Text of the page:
Due to illness, holidays and other more pressing engagements there were only 7 walkers today, so we left Bennochy Church at 1.00pm in two cars. It was Janice's suggestion to walk around Auchtertool so we all followed her, parking at the newly refurbished Tiel Restaurant ( Kiwi as was) in the village.
We set off down Newbiggin Terrace which leads out into the country but we had to walk in single file for our safety all the same, as the traffic on this road for some reason travels at maximum speed. We hear that there is to be a speed limit imposed shortly; this may be frustrating but welcome if lives are to be saved.
Half a mile ouside the village we turned off to the right on to a single track road and we were able to take in some lovely country views across the fields as well as noting the indigenous flora and fungi in a large copse of trees shown on an old map as Kilnuny Plantation. There were one or two inclines to contend with, but none so steep as to make us puff. Off right again, this time on a track between two fields and it was here that we first had a glimpse of the Forth in the distance. It was a bit overcast but we could still make out the Bass Rock. To our left we discussed what we now know to be Mourn House, now derelict, and we wondered why folk don't buy these old farm cottages as they used to. The scenery is spectacular and no bothersome neighbours after all. Maybe it's something to do with most of the ruins being of historical interest though; there are a few castle remains scattered around Auchtertool - Hallyards, Camilla, and we happened upon Balmuto Castle ancestral home of the Boswells since 15th century. The grounds are private of course but we had a wee rest at the bridge over the burn at the entrance to the Castle drive; a nice spot for the photo shoot.
When next we came to a junction, with Kilrie Farm off to our right, we turned left back on to the 'main' road, well it was tarmacked at least,until we reached yet another derelict farm cottage which prompted a discussion about families who would have stayed there and worked the land. Just as we walked on, we noticed to our horror that an area at the road end to Lambert's Mill was covered in the dreaded Japanese knotweed. Some of us had watched a TV programme about this a couple of nights previous so were very knowlegeable on the subject. We talked as if the Triffids had arrived! One thing was obvious though, unless the plant is dealt with timeously then it will invade the adjacent fields very soon.....
Although there was no sun today, neither was there any wind so we were hot and dry by the time we reached the Tiel Restaurant where Janice had arranged some scones, shortbread and coffee for us. We were pleasantly surprised by the environment and asked the nice waitress to take our photo there.
Sunday, July 10, 2011
1pm on Sunday saw 18 of us leaving Dundee University Nursing Campus. Not before wishing Kerry a very happy birthday and giving her a fine rendition of the same. The sun was shining and we were heading north to Birnam and Dunkeld for a lovely circular walk, to culminate with high tea at the Royal Dunkeld Hotel. T in the park was well underway and we were careful to avoid being directed there, although a few members had their offspring there reveling in the mud. Little did we know that before long we would be in a similar situation? A lovely drive to Perth and then the heavens opened. Well some on the bus were certain that when we reached Dunkeld and the bus park the shower would pass, and it did.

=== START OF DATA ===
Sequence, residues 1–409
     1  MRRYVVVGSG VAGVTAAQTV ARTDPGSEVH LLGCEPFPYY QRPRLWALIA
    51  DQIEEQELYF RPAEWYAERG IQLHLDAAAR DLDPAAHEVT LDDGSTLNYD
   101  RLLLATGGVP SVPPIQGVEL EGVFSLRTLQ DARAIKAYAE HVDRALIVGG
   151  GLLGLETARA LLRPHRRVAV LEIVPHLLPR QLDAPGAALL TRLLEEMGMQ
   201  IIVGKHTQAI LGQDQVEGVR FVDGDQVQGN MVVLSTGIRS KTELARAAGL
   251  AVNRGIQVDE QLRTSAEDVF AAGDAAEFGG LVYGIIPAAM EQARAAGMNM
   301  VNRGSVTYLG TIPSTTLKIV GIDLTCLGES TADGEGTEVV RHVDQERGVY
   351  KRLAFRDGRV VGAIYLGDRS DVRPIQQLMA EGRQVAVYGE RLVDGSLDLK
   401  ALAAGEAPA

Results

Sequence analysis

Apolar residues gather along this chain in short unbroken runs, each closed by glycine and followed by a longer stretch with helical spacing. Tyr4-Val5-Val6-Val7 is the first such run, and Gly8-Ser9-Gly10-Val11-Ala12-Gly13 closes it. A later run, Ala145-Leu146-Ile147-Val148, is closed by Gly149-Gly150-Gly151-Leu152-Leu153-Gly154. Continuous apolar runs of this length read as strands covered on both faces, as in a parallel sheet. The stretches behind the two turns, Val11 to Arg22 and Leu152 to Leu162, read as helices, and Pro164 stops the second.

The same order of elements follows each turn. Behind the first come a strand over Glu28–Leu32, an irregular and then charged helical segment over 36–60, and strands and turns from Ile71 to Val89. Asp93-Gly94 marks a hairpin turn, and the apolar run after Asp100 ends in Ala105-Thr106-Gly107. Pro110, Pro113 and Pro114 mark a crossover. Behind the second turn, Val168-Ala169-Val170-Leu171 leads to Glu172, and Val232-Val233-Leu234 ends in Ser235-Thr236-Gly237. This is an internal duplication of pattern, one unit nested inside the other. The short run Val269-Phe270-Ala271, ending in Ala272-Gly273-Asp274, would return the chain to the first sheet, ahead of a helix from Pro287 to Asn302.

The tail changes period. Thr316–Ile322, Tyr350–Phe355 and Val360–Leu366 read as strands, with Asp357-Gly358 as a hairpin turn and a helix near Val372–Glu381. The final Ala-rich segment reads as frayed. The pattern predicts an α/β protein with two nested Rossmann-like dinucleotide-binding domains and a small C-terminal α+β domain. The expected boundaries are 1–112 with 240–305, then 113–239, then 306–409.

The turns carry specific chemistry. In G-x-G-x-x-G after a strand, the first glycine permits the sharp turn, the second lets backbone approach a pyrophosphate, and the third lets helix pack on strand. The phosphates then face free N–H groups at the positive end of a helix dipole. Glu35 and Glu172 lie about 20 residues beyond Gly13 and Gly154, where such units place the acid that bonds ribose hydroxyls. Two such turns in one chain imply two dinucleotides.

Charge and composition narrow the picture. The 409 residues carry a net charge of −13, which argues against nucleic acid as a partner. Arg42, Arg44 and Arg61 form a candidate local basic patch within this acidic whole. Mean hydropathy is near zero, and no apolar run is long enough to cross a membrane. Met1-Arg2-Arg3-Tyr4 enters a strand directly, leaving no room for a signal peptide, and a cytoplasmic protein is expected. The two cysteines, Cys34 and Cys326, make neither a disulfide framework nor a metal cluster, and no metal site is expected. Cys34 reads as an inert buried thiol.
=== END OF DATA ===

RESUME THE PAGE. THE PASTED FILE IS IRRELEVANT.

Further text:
All out and first stop the well cared for toilets. 30 pence entry fee but two vases of fresh flowers in the Ladies – I ask you where were the tourists to see such a sight! All refreshed, gathered together and ready to go a wee quiz was handed out just to give a fun element, thankfully in plastic poly pockets. Off we set up the drive towards the Hilton Dunkeld House Hotel.A small herd of deer were seen at quite close hand in Atholl Park. The grounds of the hotel are part of the Perthshire Big Tree Country and we saw some amazing tree specimens.
One stop amongst the trees, which gave some protection we decided to make a dash for Dunkeld Cathedral. We now had to contend with flooded footpaths but we made in into the sanctuary of the Parish Church of Dunkeld. An extract from their web page states the following
“as you enter the Cathedral grounds you will be struck by the beauty of the setting and the sense of peace – a sense of the presence of God. Come as a visitor, but become a pilgrim as you walk where Christians have lived and worshipped for centuries and take some time to pray, to be still and know God”.After spending some time exploring the treasures held within the church we took the unanimous decision to abandon the walk and head for the hotel. We walked by way of Dunkeld Square, past the Ell shop, Duchess Anne Hall, Atholl Memorial Fountain and the lovely wee houses owned by the National Trust for Scotland, hightailing it to the Royal Dunkeld Hotel. Thankfully our early arrival was anticipated by the hotel staff and they accommodated our request for an earlier tea (not before some member of our group tried drying their clothing with the hand drier in the gents toilet). You would never know by the buzz as we enjoyed our meal that some members were soaked to the skin. Thanks to all for their perseverance.
Happily fed and watered and still raining it was back to the bus for our journey back to Kirkcaldy. Guess what, Kirkcaldy had only had a few wee showers – ah well.